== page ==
"ANCHORAGE: In an unusual move at the end of an unusual campaign Alaska State Senator Hollis French (D-Anchorage) announced today that he will be returning over $30,000 of excess campaign funds to his contributors. Additionally, French intends to make contributions of $5000 to both the Boys and Girls Club of Alaska and the Alaska Democratic Party. Refund checks to donors will start going out at the end of this week according to French.So I called French to check on the details. He's keeping the $50,000 he's allowed to roll over to future campaigns. This doesn't happen too often, he said, because most campaigns don't have more than $50,000 at the end of the campaign. But since his Lt. Governor candidacy ended when Democratic gubernatorial candidate Byron Mallot joined (as Lt. Gov candidate) with independent candidate Bill walker as the "unity ticket." So, after the primary, he had money on-hand and soon nothing to spend it on.
French's campaign for lieutenant governor came to an end with the formation of the Unity Ticket of Bill Walker and Byron Mallott. He worked with the Alaska Public Offices Commission to make certain that the disposal of his campaign funds was according to law.
"It isn't very often that you send money back to contributors," said French, "but this was anything but an ordinary campaign. The campaign funds I accumulated have to be distributed according to law and that's what I've done."
French will carry forward $50,000 of his campaign funds for a future campaign, which is allowed by statute."
He's giving back about $30,000 to donors, but not donations under $100. The cost of repaying small donations wasn't worth it. He'll have expenses of $500 - $1000 to figure out all the contributors and write an mail the checks. Often candidates who have left over money give it to non- profits as French is doing with the Boys and Girls Club and the Democratic Party. Giving back to donors is apparently rarer. The only precedent he could give me was that he'd heard that Charles Wohlforth had done that when he was on the Anchorage assembly.
I checked with Wohlforth who told me after his second Assembly campaign he had $5000 left over. He wrote to the contributors and asked if they wanted:
- a pro rated return of their contribution. For example, the campaign had spent 80% of the funds, then the contributors could get 20% back
- Wohlforth to spend the money for:
- a copy machine and office supplies
- a party for volunteers
Often a simple idea gets more complicated when you start to implement it. (I know blog posts do all the time and I'm trying to keep this one from doing that any more than it has.) How does French distinguish between the donors whose money he already spent and those he hadn't? He didn't spend much Or will he give them a proportional amount back to reflect what the campaign had already spent and the $50,000 he was keeping for a future campaign? I didn't think it out enough to ask those questions when I talked to him.
I know that someone will claim this is simply a political move to make him look good. But you can say that about any good deed a politician makes. But giving back money you didn't need is a gesture I believe in. It can be more than a gesture. I know that government agencies have a reputation for spending all the money they've been budgeted, even when they don't need to. Their legitimate fear here, is that the legislative body will see they didn't spend what they got and will cut their budget the next year. Legislatures need to reward, not punish agencies that use their money efficiently. They also need to be able to carry over leftover funds for future needs. It's hard to plan and do multi-year jobs well when your budget only goes for a year.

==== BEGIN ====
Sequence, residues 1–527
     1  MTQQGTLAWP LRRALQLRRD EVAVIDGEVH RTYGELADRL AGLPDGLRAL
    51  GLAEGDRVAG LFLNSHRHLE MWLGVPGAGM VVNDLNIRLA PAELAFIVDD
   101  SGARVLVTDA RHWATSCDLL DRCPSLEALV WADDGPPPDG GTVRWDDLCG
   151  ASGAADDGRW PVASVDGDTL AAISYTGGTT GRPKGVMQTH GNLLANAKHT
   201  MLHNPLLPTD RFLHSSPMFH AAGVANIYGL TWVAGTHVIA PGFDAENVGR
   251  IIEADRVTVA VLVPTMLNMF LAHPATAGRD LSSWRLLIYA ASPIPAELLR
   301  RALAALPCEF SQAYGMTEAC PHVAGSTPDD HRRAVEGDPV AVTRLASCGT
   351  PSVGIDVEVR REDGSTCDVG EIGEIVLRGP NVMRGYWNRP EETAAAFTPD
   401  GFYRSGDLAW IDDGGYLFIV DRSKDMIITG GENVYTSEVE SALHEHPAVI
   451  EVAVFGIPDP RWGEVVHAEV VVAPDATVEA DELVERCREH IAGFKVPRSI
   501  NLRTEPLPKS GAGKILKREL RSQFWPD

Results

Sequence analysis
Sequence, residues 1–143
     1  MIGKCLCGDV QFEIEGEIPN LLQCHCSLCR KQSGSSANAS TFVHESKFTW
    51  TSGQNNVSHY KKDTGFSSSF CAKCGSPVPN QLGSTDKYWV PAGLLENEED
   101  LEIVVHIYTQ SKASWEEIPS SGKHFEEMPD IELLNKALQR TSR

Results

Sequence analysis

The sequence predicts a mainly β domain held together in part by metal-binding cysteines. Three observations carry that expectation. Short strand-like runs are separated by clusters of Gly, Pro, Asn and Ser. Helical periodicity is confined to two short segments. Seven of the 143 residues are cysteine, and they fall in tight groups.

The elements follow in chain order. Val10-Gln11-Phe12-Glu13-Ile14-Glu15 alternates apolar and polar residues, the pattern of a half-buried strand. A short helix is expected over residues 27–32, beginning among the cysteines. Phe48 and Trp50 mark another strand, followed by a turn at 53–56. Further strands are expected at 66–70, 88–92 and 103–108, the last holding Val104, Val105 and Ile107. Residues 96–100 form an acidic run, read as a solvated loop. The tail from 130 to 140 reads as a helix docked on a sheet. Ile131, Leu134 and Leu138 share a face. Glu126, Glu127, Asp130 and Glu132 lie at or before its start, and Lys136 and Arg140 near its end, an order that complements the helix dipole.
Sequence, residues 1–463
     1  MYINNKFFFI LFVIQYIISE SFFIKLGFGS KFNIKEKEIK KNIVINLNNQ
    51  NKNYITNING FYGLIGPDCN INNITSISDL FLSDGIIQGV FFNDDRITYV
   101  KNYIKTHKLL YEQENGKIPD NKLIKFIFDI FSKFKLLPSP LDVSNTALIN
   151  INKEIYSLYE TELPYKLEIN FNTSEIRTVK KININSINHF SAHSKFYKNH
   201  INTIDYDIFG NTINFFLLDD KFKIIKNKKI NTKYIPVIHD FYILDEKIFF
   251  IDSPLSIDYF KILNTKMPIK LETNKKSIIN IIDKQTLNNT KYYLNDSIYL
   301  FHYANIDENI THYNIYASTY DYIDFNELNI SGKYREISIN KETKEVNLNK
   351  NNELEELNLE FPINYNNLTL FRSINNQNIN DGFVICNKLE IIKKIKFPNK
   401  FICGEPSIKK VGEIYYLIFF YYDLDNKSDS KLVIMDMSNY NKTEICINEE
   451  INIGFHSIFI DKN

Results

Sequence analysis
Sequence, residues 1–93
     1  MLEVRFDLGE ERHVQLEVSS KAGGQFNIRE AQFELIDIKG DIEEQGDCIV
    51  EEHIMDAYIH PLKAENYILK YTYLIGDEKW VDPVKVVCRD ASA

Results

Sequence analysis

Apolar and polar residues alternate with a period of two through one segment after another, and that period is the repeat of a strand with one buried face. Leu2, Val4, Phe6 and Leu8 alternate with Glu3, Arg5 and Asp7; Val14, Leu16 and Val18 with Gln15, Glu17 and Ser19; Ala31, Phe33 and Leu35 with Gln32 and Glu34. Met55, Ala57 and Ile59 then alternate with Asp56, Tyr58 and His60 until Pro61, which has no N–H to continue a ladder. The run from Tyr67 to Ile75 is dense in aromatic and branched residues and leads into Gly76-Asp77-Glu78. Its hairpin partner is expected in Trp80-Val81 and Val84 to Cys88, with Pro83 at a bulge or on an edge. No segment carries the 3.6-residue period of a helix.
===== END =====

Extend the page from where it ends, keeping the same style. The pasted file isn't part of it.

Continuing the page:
I personally have experience with this. Back in the early 80's I helped set up a small non-profit to get the Municipal assembly meetings onto cable. It was supposed to happen but Multivisions was waiting for the assembly to move to the library. Our group found a young videographer who was willing to work cheap and a very small grant from the assembly to try out televising the meetings for six months. Some assembly members had real doubts - both on the left and right. Nobody would watch. Only the rich had cable. Assembly members would grandstand. It only took about two weeks for all the assembly members to be won over. They got people calling them up because of things they'd seen on cable. People stopped them in the market because they'd seen them on television. They learned that poor folks did have cable because it was much cheaper than taking a family to the movies or other entertainment. And assembly members couldn't grandstand for six hours - they quickly forgot about the cameras and acted as they always did.
At the end of the six months, the assembly was ready to take over the funding and our group could bow out. We had about $300 left over - we used all volunteer camera operators and only the guy who provided the equipment got a modest payment - and we presented the assembly with a check and just asked that they use it support public access to government through cable. Now, except for the videographer, we all had other jobs and had no interest in keeping our organization alive. So we didn't worry about next year's budget.
So, talk to your legislators about rewarding agencies - both government and non-profits - for using their money efficiently. Let them give the surplus back without penalties. Set up conditions where they can carry it over to the next year and certainly don't penalize them by cutting their budget the following year.
So Kudos to Hollis French for making this gesture. Symbols do matter. If readers know of other situations where left over money was voluntarily given back like this, please let me know.